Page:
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Jessica Walter As Lucille Bluth Was Our Bad Mom Alter-Ego

Walter’s iconic character gave moms an outlet for all the things we aren't supposed to be.

Some celebrity losses hit harder than others and, for me, Jessica Walter’s death is definitely one of them. Since the news broke on Thursday, social media tributes from fans and colleagues have hailed the 80-year-old actress as kind, hilarious, professional, brilliant, and talented. Certainly, she had plenty of opportunities to gather many, many fans, colleagues, and accolades over the course of her career, and she’s been making me laugh since I was a kid watching Dinosaurs on TGIF (she voiced the mom, Fran, which you’ll hear it right away if you didn’t know that before). But while I’ve loved so many of her performances (special shout out to her voice work on FX’s Archer), it’s her best-known role on Arrested Development that really means something to me.

Lucille Bluth is the sharp-tongued matriarch of a dysfunctional, wealthy family. She’s rarely seen with hair out of place or without a martini in hand. She’s everything moms aren’t supposed to be: unfeeling, cruel, and domineering. No one is spared her ruthless witticisms, and her sharpest barbs seem to be reserved for her children. From gleefully criticizing Lindsay’s appearance, to constantly lying to Michael, emotionally stunting Buster on purpose and... just not really caring for Gob.

“I’m nothing like Lucille,” Walter told Entertainment Weekly in 2005. “Nothing. My daughter will tell you. I’m really a very nice, boring person.” And I really do think that’s part of the secret sauce that made her so tremendously perfect in the role. Someone who was actually like Lucille couldn’t successfully play Lucille. You need to know what it is to be a good mom in order to be able to flip that idea on its head and portray such an awful one.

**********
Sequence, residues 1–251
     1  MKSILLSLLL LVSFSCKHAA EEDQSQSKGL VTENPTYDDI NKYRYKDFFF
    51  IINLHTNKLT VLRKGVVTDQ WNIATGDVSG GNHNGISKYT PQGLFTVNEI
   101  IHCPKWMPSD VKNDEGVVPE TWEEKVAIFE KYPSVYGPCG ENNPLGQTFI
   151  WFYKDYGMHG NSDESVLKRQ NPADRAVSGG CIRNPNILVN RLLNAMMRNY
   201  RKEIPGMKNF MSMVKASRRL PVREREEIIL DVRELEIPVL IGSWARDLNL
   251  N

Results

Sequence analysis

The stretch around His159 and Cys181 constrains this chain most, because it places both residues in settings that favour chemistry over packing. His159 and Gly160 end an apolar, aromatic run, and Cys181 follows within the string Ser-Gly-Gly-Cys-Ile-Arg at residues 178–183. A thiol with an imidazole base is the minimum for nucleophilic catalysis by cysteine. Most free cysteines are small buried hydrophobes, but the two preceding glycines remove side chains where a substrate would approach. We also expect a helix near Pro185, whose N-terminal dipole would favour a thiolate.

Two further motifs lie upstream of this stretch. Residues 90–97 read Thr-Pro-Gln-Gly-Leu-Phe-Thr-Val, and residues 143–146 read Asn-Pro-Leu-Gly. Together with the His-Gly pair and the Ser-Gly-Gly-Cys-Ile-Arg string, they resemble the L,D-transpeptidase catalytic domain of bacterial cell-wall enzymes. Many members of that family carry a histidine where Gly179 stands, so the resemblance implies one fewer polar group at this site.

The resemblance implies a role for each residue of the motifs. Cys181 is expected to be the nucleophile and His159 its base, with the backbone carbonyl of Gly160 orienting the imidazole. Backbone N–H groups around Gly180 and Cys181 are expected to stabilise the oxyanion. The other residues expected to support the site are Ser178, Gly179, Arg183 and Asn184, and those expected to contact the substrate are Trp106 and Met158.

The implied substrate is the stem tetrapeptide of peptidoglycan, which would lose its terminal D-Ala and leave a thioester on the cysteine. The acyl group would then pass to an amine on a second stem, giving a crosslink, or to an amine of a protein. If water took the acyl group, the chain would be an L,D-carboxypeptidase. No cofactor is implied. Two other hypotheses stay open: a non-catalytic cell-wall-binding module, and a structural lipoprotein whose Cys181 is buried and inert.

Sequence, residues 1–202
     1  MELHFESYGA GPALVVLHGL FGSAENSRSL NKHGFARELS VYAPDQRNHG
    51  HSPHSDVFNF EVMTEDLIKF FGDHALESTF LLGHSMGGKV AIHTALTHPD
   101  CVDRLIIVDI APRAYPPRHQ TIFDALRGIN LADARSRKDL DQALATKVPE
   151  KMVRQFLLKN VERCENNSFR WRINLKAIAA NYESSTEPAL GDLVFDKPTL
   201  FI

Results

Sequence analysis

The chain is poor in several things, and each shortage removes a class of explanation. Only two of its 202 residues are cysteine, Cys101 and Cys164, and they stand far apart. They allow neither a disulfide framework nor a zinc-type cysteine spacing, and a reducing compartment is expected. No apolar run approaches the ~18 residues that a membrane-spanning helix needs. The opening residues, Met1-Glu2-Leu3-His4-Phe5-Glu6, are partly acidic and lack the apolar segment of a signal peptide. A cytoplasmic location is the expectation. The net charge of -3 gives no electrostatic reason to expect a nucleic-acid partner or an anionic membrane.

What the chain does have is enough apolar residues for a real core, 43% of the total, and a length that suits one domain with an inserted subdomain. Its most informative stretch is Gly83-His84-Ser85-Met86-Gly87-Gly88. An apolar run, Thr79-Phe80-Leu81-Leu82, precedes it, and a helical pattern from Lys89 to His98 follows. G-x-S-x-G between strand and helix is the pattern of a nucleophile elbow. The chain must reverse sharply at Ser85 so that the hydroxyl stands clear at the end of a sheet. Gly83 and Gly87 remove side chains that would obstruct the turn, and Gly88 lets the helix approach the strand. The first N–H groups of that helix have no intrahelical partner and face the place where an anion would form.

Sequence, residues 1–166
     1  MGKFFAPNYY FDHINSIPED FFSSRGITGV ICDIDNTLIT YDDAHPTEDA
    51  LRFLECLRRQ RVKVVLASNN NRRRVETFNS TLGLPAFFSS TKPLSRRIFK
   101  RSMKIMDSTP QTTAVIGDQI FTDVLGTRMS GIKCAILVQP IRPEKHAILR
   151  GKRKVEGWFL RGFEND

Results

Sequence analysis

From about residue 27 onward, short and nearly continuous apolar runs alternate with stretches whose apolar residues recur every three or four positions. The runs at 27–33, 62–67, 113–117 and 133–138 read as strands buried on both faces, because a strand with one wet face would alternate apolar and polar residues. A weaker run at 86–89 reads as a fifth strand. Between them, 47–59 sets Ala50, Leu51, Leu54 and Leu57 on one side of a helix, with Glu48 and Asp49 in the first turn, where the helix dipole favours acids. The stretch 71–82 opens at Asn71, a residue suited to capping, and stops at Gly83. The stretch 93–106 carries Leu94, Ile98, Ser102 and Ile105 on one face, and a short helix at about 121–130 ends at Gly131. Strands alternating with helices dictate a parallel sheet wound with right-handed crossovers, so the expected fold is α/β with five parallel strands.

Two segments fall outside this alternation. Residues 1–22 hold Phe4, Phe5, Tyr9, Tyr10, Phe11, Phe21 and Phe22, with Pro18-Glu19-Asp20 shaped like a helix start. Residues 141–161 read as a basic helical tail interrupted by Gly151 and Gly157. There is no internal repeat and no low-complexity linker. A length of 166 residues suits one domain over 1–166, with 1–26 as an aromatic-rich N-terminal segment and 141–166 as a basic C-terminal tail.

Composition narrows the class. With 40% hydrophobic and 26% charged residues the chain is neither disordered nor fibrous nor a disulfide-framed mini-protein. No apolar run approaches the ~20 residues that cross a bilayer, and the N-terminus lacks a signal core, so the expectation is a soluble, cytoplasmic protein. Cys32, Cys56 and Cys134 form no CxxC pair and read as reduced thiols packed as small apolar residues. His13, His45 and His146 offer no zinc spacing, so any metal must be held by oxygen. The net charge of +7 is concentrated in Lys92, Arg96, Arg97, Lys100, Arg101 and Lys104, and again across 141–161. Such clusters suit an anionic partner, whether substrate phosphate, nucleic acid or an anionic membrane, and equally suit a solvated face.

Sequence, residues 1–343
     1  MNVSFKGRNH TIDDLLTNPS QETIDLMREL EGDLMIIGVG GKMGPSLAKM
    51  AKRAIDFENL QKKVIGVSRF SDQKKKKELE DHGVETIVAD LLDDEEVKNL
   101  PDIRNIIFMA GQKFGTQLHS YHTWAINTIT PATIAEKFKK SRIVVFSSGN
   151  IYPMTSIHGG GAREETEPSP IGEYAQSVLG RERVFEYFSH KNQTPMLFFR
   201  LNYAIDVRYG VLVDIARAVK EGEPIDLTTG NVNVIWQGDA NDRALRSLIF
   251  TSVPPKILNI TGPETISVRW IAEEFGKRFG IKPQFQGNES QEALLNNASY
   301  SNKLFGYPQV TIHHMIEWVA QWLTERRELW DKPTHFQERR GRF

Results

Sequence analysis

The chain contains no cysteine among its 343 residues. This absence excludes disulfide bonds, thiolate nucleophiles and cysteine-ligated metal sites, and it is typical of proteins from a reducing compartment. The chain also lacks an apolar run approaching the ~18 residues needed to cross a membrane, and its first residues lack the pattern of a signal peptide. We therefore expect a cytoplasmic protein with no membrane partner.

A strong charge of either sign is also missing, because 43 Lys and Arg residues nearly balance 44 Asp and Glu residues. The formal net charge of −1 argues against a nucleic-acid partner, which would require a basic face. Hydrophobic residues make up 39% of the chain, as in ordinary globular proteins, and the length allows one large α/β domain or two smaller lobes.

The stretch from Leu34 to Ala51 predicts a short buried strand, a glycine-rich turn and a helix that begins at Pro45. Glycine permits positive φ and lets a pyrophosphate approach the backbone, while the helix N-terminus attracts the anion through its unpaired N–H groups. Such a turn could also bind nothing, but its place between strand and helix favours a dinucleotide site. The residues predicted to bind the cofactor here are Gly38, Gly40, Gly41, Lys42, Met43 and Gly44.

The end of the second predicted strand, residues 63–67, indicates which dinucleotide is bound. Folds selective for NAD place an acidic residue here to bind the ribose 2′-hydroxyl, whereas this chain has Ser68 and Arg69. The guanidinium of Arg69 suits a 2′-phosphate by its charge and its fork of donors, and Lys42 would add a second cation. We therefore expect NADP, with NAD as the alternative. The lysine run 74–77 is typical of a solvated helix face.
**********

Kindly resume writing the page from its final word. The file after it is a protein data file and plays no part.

And seeing such a terrible mom? It’s fun. Not just fun but kind of validating, honestly: to a see a mother on TV whose character can’t be summed up by saying “She’s the mom.” Like, yes, she’s a mom, but she’s just as selfish as she wants to be, just as indulgent as she wants to be (“Get me a vodka rocks.” “Mom, it’s breakfast!” “And a piece of toast.”), just as sarcastic, and biting, and extra, and uninhibited, and herself as she wants to be, no matter what it means to anyone else in her orbit.

Mrs. Bluth also has a super-power few of us can imagine: generally speaking, she doesn’t care.

Imagine being able to turn off that constant concern and consideration that comes along with being a parent. Are the kids OK? Does everyone have everything they need? What needs to be done for whom? I can’t, and I couldn’t even if I wanted to – it’s always there. The other night I had a dream in which I went on a vacation to the Caribbean, which quickly became a nightmare because I realized I didn’t know who was watching my kids. I spent the rest of this reverie looking up flights on my phone because I’m worried about them in my dreams. And what’s more, I know this fact surprises 0.00% of you, because you’re the exact same way.

Netflix/Jamie Kenney

But Lucille — our Bad Mom id, our not-really-but-kind-of-alter-ego — would never. She’d be like “They’re probably fine. I gave them some money to go see a Star War. Have another drink.”

Just as there’s always money in the banana stand, I think there is (and should be) a little bit of Lucille inside every Good Mom. While it’s very important, for ethical and probably legal reasons, not to listen to our inner Lucille most of the time, every now and then it’s equally important to get in touch with her, maybe even meet her at the hospital bar for a drink or two. And while you’re there, go ahead raise a glass and toast the only woman who ever play her: the incomparable Jessica Walter, who made us realize that being a Bad Mom can sometimes be good thing.